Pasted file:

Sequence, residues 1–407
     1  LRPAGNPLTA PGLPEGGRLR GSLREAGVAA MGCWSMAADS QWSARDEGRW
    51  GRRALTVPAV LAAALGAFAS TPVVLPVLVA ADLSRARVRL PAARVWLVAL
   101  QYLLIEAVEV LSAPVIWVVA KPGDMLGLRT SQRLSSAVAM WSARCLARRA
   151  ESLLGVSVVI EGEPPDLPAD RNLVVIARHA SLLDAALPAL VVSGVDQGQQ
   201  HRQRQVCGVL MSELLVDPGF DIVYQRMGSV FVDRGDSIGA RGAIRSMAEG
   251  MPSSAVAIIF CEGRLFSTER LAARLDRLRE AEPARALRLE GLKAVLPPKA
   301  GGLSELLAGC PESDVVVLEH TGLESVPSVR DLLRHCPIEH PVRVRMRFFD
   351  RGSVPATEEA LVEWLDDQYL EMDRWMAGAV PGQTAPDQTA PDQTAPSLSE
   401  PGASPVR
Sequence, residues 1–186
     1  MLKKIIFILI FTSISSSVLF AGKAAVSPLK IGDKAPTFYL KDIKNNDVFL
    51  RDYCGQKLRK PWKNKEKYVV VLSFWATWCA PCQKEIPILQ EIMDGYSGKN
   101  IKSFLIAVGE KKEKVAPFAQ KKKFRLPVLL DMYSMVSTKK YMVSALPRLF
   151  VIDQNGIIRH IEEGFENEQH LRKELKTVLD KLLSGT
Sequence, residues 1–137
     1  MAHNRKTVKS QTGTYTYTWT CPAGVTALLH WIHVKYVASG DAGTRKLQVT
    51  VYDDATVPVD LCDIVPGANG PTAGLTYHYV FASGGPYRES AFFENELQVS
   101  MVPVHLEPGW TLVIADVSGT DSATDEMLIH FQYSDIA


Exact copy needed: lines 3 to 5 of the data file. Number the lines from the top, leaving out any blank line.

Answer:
    51  GRRALTVPAV LAAALGAFAS TPVVLPVLVA ADLSRARVRL PAARVWLVAL
   101  QYLLIEAVEV LSAPVIWVVA KPGDMLGLRT SQRLSSAVAM WSARCLARRA
   151  ESLLGVSVVI EGEPPDLPAD RNLVVIARHA SLLDAALPAL VVSGVDQGQQ